Thompson was fired from the online publication The Intercept last year after being accused of fabricating story details.
Since Jan. 9, there have been more than 150 bomb threats against Jewish community centers and day schools in 37 states and two Canadian provinces, according to a report last week by the Anti-Defamation League, a Jewish group that battles anti-Semitism.
Israeli police last week arrested a young Israeli-American man in Jerusalem and said he was the primary suspect in the majority of the threats.
The Supreme Court seemed to struggle on Monday over whether some of the nation's largest hospitals should be allowed to sidestep federal laws protecting pension benefits for workers.
Justices considered the cases of three church-affiliated nonprofit hospital systems being sued for underfunding pension plans covering about 100,000 employees. But the outcome ultimately could affect the retirement benefits of roughly a million employees around the country.
The hospitals — Advocate Health Care Network, Dignity Health and Saint Peter's Healthcare System — say their pensions are "church plans" exempt from the law and have been treated as such for decades by the government agencies in charge. They want to overturn three lower court rulings against them.
Workers suing the health systems argue that Congress never meant to exempt them and say the hospitals are shirking legal safeguards that could jeopardize retirement benefits.
"I'm torn," Justices Sonia Sotomayor said at one point during the hour-long argument. "This could be read either way in my mind."
Justice Anthony Kennedy said the Internal Revenue Service issued hundreds of letters over more than 30 years approving the hospitals' actions. That shows they were "proceeding in good faith with the assurance of the IRS that what they were doing was lawful," he said.
The case could affect dozens of similar lawsuits over pension plans filed across the country.
Much of the argument focused on how to read a federal law that generally requires pension plans to be fully funded and insured. Congress amended that law in 1980 to carve out a narrow exemption for churches and other religious organizations.
South Korea's disgraced ex-President Park Geun-hye was being questioned Thursday by a court that will decide if she should be arrested over corruption allegations that have already toppled her from power.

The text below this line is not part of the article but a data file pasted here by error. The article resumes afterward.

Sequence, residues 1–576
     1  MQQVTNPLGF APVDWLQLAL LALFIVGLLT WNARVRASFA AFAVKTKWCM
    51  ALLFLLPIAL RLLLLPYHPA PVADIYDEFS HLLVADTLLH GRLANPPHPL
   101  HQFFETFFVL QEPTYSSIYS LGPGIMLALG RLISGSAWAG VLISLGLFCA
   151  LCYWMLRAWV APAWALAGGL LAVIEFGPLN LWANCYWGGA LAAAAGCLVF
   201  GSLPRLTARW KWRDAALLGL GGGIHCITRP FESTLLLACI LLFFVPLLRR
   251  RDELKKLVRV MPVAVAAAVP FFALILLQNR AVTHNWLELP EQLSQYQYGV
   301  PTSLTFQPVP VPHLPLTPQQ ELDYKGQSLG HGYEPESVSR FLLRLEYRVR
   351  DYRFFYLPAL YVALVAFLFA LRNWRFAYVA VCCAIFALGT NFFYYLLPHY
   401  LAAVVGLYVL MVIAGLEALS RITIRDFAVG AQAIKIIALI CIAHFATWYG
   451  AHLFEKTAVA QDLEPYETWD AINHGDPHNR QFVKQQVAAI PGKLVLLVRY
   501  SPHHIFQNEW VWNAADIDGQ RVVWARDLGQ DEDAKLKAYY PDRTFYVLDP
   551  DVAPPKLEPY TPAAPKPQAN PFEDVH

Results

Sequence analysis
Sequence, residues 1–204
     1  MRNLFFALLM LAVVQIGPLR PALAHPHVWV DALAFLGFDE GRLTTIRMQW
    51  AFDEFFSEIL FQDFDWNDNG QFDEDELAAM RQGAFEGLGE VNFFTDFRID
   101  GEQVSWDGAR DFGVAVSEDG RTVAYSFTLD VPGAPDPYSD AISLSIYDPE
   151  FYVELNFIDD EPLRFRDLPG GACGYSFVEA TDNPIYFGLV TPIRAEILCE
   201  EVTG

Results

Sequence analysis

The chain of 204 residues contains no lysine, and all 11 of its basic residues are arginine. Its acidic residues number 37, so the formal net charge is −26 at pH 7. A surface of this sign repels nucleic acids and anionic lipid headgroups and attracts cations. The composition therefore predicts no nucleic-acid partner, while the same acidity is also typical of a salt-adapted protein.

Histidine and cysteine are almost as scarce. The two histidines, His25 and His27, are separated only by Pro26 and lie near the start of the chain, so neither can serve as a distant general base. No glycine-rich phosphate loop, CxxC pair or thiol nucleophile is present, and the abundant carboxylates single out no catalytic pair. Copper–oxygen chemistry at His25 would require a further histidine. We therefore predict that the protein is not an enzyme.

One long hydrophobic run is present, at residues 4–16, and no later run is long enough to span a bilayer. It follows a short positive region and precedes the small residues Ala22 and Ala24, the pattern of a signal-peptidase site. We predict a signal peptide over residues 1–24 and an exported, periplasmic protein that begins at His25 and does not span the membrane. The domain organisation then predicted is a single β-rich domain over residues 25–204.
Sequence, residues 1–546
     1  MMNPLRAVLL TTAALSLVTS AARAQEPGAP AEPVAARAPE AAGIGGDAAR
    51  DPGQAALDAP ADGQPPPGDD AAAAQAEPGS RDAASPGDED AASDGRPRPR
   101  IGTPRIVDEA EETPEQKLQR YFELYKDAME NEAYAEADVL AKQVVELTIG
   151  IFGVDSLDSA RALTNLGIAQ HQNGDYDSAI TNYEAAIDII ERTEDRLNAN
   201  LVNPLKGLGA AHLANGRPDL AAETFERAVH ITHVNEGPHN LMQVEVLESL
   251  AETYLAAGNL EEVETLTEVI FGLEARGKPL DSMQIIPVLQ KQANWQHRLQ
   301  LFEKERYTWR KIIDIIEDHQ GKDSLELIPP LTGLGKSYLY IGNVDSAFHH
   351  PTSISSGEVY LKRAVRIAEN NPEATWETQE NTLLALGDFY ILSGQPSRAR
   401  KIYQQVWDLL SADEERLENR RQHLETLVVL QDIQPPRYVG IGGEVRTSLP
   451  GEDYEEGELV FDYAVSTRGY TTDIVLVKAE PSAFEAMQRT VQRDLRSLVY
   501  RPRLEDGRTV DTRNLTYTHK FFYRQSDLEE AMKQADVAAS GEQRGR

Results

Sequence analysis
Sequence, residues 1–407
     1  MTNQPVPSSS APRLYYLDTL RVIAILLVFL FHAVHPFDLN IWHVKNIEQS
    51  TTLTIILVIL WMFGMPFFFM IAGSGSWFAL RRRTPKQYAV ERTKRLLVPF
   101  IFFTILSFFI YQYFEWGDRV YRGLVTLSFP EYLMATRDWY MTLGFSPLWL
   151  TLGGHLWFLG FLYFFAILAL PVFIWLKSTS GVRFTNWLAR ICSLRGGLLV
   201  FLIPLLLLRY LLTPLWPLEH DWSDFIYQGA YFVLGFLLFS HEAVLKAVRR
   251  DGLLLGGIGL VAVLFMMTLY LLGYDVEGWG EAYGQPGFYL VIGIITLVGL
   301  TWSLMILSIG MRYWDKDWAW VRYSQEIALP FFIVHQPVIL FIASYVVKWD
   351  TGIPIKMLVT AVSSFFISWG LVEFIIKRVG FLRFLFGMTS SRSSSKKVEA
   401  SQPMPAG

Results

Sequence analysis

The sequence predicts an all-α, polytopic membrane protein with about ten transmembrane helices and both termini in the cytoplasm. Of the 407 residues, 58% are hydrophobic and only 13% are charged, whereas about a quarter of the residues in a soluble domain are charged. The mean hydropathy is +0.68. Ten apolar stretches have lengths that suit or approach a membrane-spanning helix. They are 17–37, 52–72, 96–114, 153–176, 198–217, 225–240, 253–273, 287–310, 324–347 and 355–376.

Live TV footage earlier showed a stern-looking Park entering the Seoul Central District Court building amid a barrage of camera flashes. She did not comment to reporters. The court is expected to decide by Friday morning whether to approve her arrest.
If the court approves the arrest warrant requested by prosecutors, Park will be immediately sent to a detention facility as prosecutors can detain her for up to 20 days before laying formal charges.
If the court rejects the arrest request, prosecutors can still indict and charge her.
Prosecutors accuse Park of colluding with a confidante to extort from big businesses, take a bribe from one of the companies and commit other wrongdoings. The allegations prompted millions of South Koreans to stage streets protests every weekend for months before the Constitutional Court ruled to dismiss her on March 10. Park's presidential powers had already been suspended after parliament impeached her in December.
It was a dramatic setback to Park, South Korea's first female president who rose to power four years ago amid conservatives' nostalgia for her late dictator father who is credited by supporters for pulling a war-torn country out of poverty in the 1960-70s. Liberal critics revile her father as a ruthless leader who tortured and imprisoned his opponents.
Earlier Thursday, hundreds of her supporters, mostly elderly conservative citizens, gathered near her Seoul home, waving national flags and chanting slogans when she left for the court.
Nicaragua's Supreme Court has rejected a farmer group's appeal seeking to block a proposed $50 billion interoceanic canal.
The legal challenge had sought to overturn a 2013 law under which the canal concession was granted to a Chinese company.
The court's decision late Monday is in line with similar rulings it made previously.
President Daniel Ortega's government says a canal would create tens of thousands of jobs and stimulate the poor Central American nation's economy.
Detractors argue it poses serious environmental risks, would displace thousands of families in the countryside and is financially unfeasible.
No work on the canal itself has been done, though ground has been broken for some access roads related to the project.